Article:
The balance of the alloy is iron (Fe), and incidental impurities. Generally, the alloy contains an amount ranging from about 61 to about 77 weight percent iron.
A cast alloy is prepared having the following composition.
The hardness of an alloy having the composition shown in Table 1 was tested at room temperature and at various elevated temperatures.
The Rockwell C hardness of the resulting alloy at room temperature is 45. For comparison, the hardness of a martensitic stainless steel (J125) and a martensitic tool steel (J120V) is also measured. J125 and J120V are available from L. E. Jones Company. The Rockwell C hardness of J125 and J120V at room temperature is 40 and 44, respectively. The hot hardness results are shown below.
75° F. (24° C.)
200° F. (93° C.)
400° F. (204° C.)
600° F. (315° C.)
800° F. (427° C.)
1000° F. (538° C.)
1200° F. (649° C.)
1400° F. (760° C.)
The alloy of the invention possesses excellent hot hardness with results which are comparable to or exceed those of tool steel at all elevated temperature levels tested.
Example 2 Compressive Yield Strength (CYS):
75° F. (24° C.)
600° F. (315° C.)
800° F. (427° C.)
Example 3 Coefficient of Thermal Expansion (CTE):
25-200° F. (−4-93° C.)
25-400° F. (−4-204° C.)
25-600° F. (−4-315° C.)
Example 4 Thermal Conductivity:
25° F. (−4° C.)
200° F. (93° C.)
400° F. (204° C.)
600° F. (315° C.)
All CTE values are expressed in (× 10−6 mm/mm ° C.).
All thermal conductivity values are expressed in W/mK.
Sulfidation Test: The sulfidation test involves heating a pre-weighed cylindrical test specimen (½″ (12.7 mm) diameter ×½″ (12.7 mm) length) to a temperature of 1500° F. (816° C.) for 100 hours while submersing the specimen in a powder mixture as follows:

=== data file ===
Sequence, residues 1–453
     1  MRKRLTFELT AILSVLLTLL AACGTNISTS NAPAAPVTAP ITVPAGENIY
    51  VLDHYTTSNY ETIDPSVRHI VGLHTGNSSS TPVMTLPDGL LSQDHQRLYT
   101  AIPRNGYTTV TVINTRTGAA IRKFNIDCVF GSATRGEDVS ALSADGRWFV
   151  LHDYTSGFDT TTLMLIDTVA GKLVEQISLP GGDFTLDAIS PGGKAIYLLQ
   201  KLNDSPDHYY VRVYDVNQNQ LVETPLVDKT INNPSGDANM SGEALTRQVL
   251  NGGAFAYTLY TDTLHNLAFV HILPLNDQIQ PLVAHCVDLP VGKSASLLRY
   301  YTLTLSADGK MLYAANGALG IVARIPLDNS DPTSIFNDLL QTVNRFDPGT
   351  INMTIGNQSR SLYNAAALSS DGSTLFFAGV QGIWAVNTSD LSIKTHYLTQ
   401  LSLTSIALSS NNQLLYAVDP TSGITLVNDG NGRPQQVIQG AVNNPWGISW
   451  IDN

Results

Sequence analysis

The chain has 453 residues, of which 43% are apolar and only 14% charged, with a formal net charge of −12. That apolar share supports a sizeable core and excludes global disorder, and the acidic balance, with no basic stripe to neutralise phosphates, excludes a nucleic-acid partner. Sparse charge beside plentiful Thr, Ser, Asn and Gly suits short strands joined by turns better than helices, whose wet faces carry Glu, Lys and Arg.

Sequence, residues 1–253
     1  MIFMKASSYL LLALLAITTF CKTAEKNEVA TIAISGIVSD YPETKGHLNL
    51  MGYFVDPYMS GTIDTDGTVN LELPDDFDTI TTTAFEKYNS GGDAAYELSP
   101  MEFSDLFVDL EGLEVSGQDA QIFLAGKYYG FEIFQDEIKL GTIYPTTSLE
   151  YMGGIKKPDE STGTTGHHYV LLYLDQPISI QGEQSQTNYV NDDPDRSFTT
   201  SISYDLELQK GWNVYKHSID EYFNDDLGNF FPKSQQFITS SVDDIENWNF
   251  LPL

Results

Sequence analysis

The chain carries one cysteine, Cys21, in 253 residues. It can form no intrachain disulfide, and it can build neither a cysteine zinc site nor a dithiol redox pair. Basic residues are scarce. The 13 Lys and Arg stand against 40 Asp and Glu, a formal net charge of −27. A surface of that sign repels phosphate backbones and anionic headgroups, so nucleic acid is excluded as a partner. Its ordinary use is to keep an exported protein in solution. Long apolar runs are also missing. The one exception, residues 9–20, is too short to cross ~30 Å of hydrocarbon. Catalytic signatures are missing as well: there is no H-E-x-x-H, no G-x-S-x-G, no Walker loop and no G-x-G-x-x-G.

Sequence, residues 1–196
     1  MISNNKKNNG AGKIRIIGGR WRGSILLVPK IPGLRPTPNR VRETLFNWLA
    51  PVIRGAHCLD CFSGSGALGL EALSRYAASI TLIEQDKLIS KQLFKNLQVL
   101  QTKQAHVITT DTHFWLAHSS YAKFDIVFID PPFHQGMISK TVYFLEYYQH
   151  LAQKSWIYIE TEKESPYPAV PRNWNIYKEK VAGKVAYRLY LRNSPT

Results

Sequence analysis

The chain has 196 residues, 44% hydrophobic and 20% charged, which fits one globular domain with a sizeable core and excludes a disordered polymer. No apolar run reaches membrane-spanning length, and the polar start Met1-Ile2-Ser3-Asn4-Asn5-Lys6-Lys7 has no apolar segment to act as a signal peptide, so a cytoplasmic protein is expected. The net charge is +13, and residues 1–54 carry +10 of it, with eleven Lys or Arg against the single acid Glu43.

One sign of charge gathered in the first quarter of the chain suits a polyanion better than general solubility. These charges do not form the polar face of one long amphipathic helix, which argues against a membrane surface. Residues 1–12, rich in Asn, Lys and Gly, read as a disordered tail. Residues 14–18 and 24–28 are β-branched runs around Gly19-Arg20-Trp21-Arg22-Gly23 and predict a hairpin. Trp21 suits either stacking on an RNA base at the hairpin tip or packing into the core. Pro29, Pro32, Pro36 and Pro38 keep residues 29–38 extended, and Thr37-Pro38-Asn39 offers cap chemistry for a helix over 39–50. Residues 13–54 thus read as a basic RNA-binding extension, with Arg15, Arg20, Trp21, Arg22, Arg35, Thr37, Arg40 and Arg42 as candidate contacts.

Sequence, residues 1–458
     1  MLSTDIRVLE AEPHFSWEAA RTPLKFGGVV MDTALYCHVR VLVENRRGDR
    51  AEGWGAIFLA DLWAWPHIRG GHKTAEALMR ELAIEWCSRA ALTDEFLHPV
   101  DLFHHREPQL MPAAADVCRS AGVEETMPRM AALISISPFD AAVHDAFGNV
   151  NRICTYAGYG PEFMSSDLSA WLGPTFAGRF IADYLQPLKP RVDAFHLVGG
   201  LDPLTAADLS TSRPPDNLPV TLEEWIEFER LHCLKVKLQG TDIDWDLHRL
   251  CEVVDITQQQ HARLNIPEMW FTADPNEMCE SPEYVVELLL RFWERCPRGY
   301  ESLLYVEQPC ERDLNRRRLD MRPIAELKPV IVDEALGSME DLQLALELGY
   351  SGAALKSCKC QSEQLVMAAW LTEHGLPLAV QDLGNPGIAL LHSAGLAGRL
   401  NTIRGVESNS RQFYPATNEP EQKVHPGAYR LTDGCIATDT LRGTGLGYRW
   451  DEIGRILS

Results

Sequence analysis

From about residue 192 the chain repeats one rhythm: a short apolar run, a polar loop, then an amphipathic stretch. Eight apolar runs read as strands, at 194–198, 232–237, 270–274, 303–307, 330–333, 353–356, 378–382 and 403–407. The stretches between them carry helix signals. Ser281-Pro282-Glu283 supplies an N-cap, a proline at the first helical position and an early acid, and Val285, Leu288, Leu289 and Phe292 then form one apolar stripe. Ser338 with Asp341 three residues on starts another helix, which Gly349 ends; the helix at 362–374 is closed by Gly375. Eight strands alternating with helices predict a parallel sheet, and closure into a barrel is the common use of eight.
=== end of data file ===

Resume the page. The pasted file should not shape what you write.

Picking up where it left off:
10 parts CaSO4, 6 parts BaSO4, 2 parts Na2SO4, 1 part Graphite
When the 100-hour bake is complete, the specimens are carefully cleaned and re-weighed. The difference in weight per unit surface area before and after test is then calculated. Sulfidation test results for the alloy of the invention, J125, and J120V were as follows:
Weight Loss (g/cm2):
Invention: +0.05 g.
J125: −0.08 g.
J120V: −54.7 g.
The sulfidation test results show that the alloy of the invention and J125 experienced little to no corrosion while J120V corroded very heavily. Thus, the alloy of the invention provides good sulfidation resistance compared to a tool steel.
Oxidation Test: The oxidation test involves heating pre-weighed test specimens exposed to air to an elevated temperature such as 900° F. (482° C.), and 1300° F. (704° C.), and 1500° F. (816° C.) for 50 minutes. After cooling in air, the part is re-weighed to determine weight gain due to oxidation. Results were as follows:
Weight gain is expressed in g/cm2 and in parentheses in mg/(hr m2).
900° F. (482° C.)
1300° F. (704° C.)
1500° F. (816° C.)
The results of this test show that the alloy of the invention exhibits a substantial improvement over J120V, particularly at the 900° F. and 1300° F. temperatures. Improvement at these temperatures is most relevant since insert temperatures are typically 900° F. (482° C.) or below.
A second oxidation test involves heating preweighed specimens exposed to air to an elevated temperature of 800° F. (427° C.) for 100 hours. After cooling in a vacuum, the part is reweighed to determine weight gain due to oxidation. Results were as follows:
Weight gain is expressed in mg/(hr m2).
800° F. (427° C.)
Wear tests were performed on a wear test fixture. The fixture simulates constant speed, sliding wear without lubrication. A stationary ⅜″ (9.5 mm) wide test block is held against a ½″ (12.7 mm) diameter cylinder rotating at 1725 RPM at loads of 4.5 pounds (2.05 kg), 9 pounds (4.10 kg), and 13.5 pounds (6.15 kg). Cylinder material is Eatonite 6, a commonly used valve facing material. Results in terms of weight loss on the test block are as follows:
Test Block Weight Loss (milligrams)
These results show the alloy of the invention has improved wear resistance relative to stainless steels like J125 which is traditionally employed in the diesel industry.
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|U.S. Classification||420/69, 420/101, 420/67, 420/102|
|International Classification||C22C38/52, C22C38/20, C22C38/30, C22C38/46, C22C38/24, F16K25/00, C22C38/26, C22C38/44, C22C38/48|
|Cooperative Classification||C22C38/26, C22C38/44, C22C38/30, C22C38/52, C22C38/20, C22C38/24, C22C38/48, C22C38/46, F16K25/005|
|European Classification||C22C38/30, C22C38/46, F16K25/00B, C22C38/24, C22C38/52, C22C38/48, C22C38/44, C22C38/26, C22C38/20|
|May 30, 2000||AS||Assignment|
|Jan 27, 2006||FPAY||Fee payment|
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|Jan 18, 2012||AS||Assignment|
Owner name: L.E. JONES COMPANY, LLC, MICHIGAN